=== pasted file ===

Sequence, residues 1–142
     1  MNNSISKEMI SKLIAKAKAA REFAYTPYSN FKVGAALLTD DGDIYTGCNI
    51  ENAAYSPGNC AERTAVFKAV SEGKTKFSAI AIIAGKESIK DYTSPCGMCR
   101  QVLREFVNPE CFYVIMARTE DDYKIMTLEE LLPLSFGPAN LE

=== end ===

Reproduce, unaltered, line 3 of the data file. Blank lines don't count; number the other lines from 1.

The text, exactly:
    51  ENAAYSPGNC AERTAVFKAV SEGKTKFSAI AIIAGKESIK DYTSPCGMCR